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Attorneys-in-Fact Are Not Real Parties in Interest in Lawsuit Brought on Behalf of Principal for Diversity Purposes

Robert Jordan, et al. v. Susan Osmun, et al.
(September 29, 2016) United States District Court for the Eastern District of Virginia

by Matthew J. McCloskey, Associate
Semmes, Bowen & Semmes (

Available at:

In a recent opinion, the United States District Court for the Eastern District of Virginia held that attorneys-in-fact who file a lawsuit on behalf of their principal are not real parties in interest for purposes of determining federal diversity jurisdiction.

Plaintiffs, Robert Jordan and Cheryl Anacker, pursuant to their Durable Power of Attorney for Lucille Kelly, filed a lawsuit against Susan Osmun, Ms. Kelly’s former attorney-in-fact, for breach of fiduciary duty, conversion, fraud, and unjust enrichment. Plaintiffs’ Complaint stated that: (1) Mr. Jordan was a resident of New Jersey; (2) Ms. Anacker was a resident of Florida; (3) Ms. Kelly was a citizen of Virginia; (4) Ms. Osmun was a citizen of New Jersey. Ms. Osmun moved to dismiss the Complaint for lack of diversity because both she and Mr. Jordan were from New Jersey. Plaintiffs thereafter filed an Amended Complaint stating that Mr. Jordan was an “individual resident, citizen, and domiciliary of Maryland.” The Amended Complaint further added Mrs. Osmun’s husband, also a New Jersey resident, as a defendant.

Defendants separately moved to dismiss the Amended Complaint for lack of jurisdiction. For purposes of the motions, it was undisputed that Mr. Jordan owned a home in New Jersey where he lived during the week with his seven (7) year old daughter, and that Mr. Jordan intended to continue this arrangement until the end of his daughter’s school year. Mr. Jordan’s wife had lived and worked in Maryland since March 2016, and Mr. Jordan’s employer had approved his request to transfer his employment to Maryland since March 2016 as well. Further, Mr. Jordan signed a lease for a property in Maryland in April 2016 and lives there with his wife on weekends. Mr. Jordan had, however, not yet voted or paid taxes in Maryland.

In resolving the motions to dismiss, Judge Liam O’Grady was required to address who constituted the parties in interest for purposes of determining diversity jurisdiction. Plaintiffs argued that they were not parties in interest to this controversy, as the lawsuit was brought by Plaintiffs solely in their capacity as attorneys-in-fact for the actual party in interest, Ms. Kelly. Defendants countered that, as the named parties authorized to bring this lawsuit for Ms. Kelly’s benefit, Plaintiffs were parties in interest for diversity purposes. In pertinent part, Defendants argued that: (1) Plaintiffs were real parties in interest because could bring this lawsuit independent of their attorney-in-fact status due to the fact that they had an interest in Ms. Kelly’s estate; (2) as Ms. Kelly’s former attorney-in-fact, if Plaintiffs had the same citizenship as Ms. Kelly, so did Mrs. Osmun; and (3) because Ms. Kelly was not identified as incompetent, Ms. Kelly’s citizenship was not imputed to Plaintiffs.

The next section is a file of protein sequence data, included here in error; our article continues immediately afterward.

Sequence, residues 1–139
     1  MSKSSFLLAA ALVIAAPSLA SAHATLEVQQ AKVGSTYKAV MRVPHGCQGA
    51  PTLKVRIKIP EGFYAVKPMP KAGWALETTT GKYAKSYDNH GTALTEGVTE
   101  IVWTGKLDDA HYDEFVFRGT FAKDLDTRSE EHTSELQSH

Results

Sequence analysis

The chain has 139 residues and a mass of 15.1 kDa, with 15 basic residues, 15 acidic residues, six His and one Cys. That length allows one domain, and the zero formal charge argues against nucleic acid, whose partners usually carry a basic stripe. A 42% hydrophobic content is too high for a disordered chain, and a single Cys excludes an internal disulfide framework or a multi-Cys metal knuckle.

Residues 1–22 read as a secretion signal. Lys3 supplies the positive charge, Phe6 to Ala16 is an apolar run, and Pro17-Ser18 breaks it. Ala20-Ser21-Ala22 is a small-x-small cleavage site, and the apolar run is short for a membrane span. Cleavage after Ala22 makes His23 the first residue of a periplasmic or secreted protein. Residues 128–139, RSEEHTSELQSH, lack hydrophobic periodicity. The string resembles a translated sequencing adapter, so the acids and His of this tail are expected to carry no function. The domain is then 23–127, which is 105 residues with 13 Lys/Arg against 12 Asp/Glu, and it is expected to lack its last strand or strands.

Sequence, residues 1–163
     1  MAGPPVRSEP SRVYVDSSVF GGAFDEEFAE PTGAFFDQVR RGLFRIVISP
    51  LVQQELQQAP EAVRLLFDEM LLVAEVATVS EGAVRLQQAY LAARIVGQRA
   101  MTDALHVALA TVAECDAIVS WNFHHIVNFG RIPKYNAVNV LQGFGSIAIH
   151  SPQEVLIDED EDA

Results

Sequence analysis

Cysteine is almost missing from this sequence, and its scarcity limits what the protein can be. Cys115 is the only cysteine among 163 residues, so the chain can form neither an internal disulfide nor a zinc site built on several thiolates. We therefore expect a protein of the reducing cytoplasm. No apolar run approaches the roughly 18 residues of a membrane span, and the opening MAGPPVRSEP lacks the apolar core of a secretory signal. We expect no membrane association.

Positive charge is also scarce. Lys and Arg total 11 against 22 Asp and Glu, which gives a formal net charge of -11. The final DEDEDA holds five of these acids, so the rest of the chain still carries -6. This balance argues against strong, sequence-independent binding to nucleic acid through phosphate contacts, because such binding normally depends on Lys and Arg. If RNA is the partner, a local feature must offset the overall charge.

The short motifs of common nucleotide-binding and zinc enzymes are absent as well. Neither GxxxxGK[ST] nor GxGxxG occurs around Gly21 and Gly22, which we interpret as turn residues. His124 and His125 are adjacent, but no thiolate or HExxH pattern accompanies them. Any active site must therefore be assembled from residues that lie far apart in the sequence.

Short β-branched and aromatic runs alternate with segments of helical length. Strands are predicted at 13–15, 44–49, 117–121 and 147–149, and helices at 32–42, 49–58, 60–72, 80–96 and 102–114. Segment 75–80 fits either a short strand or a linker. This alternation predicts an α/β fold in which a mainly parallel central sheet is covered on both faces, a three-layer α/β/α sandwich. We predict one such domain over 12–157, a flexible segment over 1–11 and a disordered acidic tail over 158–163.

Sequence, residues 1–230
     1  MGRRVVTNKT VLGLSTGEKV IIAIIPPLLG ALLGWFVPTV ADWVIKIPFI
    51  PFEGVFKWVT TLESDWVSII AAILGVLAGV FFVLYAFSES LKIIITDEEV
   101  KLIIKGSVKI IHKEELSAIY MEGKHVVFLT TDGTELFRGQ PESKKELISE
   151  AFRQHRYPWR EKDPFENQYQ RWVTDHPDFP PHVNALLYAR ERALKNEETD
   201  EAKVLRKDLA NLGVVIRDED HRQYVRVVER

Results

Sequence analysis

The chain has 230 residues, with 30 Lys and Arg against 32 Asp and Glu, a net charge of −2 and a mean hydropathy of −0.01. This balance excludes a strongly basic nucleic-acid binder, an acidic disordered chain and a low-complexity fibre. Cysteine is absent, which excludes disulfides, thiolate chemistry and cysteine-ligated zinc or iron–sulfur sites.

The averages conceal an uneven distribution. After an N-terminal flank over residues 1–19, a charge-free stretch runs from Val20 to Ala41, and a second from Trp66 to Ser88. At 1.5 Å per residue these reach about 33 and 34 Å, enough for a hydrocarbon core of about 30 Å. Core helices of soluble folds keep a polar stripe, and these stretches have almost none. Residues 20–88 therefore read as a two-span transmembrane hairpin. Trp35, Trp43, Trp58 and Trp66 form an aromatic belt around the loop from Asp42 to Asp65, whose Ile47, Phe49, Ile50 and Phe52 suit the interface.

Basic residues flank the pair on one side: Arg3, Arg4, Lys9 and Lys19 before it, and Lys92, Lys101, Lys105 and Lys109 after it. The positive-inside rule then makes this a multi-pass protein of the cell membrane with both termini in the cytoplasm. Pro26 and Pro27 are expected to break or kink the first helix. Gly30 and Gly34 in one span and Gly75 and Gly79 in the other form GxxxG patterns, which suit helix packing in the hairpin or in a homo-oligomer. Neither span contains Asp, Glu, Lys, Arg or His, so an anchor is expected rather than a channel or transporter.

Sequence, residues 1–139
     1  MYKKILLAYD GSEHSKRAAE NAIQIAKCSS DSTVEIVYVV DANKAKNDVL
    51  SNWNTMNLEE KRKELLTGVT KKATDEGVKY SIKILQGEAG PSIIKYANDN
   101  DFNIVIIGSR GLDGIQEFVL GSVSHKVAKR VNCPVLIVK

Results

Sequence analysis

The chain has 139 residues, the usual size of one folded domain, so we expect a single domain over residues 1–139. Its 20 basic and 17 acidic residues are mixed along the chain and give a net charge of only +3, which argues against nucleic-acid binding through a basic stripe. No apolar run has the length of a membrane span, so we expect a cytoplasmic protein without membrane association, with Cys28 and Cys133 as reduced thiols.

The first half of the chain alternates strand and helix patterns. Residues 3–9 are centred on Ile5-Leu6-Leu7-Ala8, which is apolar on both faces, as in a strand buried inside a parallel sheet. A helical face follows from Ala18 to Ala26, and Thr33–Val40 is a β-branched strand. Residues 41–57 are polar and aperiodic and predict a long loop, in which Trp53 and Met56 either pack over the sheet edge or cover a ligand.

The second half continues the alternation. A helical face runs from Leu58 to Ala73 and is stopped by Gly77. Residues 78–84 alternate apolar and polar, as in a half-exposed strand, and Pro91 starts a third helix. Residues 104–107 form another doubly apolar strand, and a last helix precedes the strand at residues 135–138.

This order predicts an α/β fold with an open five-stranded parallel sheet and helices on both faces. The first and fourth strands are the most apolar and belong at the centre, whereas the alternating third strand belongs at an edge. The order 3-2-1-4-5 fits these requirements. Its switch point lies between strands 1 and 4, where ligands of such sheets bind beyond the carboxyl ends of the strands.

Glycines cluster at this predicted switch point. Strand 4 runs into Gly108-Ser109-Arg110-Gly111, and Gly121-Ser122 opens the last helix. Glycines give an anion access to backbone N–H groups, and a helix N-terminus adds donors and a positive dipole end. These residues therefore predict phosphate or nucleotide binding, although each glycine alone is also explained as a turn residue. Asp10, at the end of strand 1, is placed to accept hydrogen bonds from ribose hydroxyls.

The Court sided with Plaintiffs. Judge O’Grady noted that the Eastern District of Virginia had noted in other contexts that “agents of the real party in interest are not themselves the real parties in interest for the purpose of determining diversity jurisdiction.” Thus, for example, the Court had previously held that two (2) brothers who had filed a malpractice lawsuit on behalf of their mother had failed to establish diversity jurisdiction, as both their mother and the defendant were citizens of Virginia and their mother was the real party in interest. Moreover, although the Fourth Circuit had never addressed the particular scenario at issue in this case, courts in other circuits had explicitly held that attorneys-in-fact were not the real parties in interest for purposes of diversity jurisdiction. Thus, Plaintiffs were not the real parties in interest in this case, and their citizenship was irrelevant to the Court’s diversity inquiry.

The Court rejected Defendants’ arguments. First, Defendants had failed to substantiate their bare allegations that Plaintiffs were direct beneficiaries of Ms. Kelly’s estate. Second, Mrs. Osmun was not entitled to rely on her former status as Ms. Kelly’s attorney-in-fact to defeat diversity. Finally, Ms. Kelly’s competence did not bear on the analysis above. Accordingly, the Court denied Defendant’s motion to dismiss.

As a final note, the Court also noted that, in any event, Mr. Jordan was a citizen of Maryland. An individual’s domicile is established when they take up residence in a particular place with the intent to remain there permanently. The undisputed facts regarding Mr. Jordan’s living arrangements constituted “compelling evidence of intent to remain” in Maryland. Consequently, even if Plaintiffs were real parties in interest in this lawsuit, diversity of citizenship would still be present.